The employees who fight fires and respond to medical emergencies in Naperville now are operating under a new contract that gives them 6 percent raises in base pay over three years and encourages eligible employees to retire by Jan. 5, 2014.
The Naperville City Council approved a contract with the firefighters union representing 184 employees with an 8-1 vote Tuesday night.
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The contract also includes step raises of a maximum of 6 percent for employees who have been with the department from one to seven years, and it adds new yearly payments for employees who hold associate's, bachelor's or master's degrees. Increases in the payments firefighters receive when they hit 10, 15 or 20 years of service, and increases in payments for lieutenants and captains who maintain their paramedic's license, also are written into the contract.
Councilman Grant Wehrli cast the dissenting vote, saying the education pay and increased payments for experience and paramedic's licenses made the contract "too rich."
"I'm not underappreciative of the fine work they do," Wehrli said about the city's firefighters. "But math is math. We have to manage and we have to keep the city's finances in line."
The additional payments and step raises included in the contract increase the city's costs a total of $1.3 million over three years, but that increase represents a small amount of the fire department's roughly $32 million annual budget, Fire Chief Mark Puknaitis said.
Puknaitis said he expects that freezing the pay of any new firefighters hired in the next three years, and offering retirement incentives for up to 12 firefighters to end their Naperville careers, will provide savings to help offset the additional expenses.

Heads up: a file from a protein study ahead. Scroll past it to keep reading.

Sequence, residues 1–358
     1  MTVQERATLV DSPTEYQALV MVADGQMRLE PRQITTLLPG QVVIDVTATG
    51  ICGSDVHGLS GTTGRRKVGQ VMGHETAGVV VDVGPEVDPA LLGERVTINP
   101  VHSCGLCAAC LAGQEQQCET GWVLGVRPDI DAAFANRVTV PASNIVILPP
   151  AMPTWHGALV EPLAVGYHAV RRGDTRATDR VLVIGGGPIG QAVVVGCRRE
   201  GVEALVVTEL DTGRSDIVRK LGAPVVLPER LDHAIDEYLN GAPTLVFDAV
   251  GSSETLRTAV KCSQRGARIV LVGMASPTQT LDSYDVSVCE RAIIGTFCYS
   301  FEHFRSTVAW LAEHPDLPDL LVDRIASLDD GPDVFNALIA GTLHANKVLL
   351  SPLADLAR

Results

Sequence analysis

At least four union members are expected to retire by the end of the year, but the incentives offered in the new contract -- either one year of city-paid medical insurance or one month of salary -- could entice up to eight more to turn in their gear.
"We wanted to give some sort of an incentive to make that decision and move on with that latter part of their life by retiring," said fire Lt. Dan Smith, the union's president. "And that way we can get new blood into the department to mentor and groom the way Naperville wants."
Differences between the salary and pension of a new employee and an employee of retirement age with at least 20 years' experience will help the city save $88,500 for each firefighter above the expected four who retire, according to Puknaitis.
"When we look at this entire contract, we look at it as a plus for the city, for the firefighters that protect this city," Puknaitis said.
"We will work hard in the future to keep costs low and continue to remain very efficient."
The city and the firefighters union negotiated the new contract in 90 days without the involvement of attorneys for either side, which Smith said saved the union at least $15,000 in legal fees. The pact is retroactive to May 1 and lasts until April 30, 2016.
The union's membership approved it by a nearly unanimous 100-1 vote, the most resounding nod to any contract in Smith's time.
"Overall I think members are going to be very happy with it," he said.
Raises: Union approved pact 100-1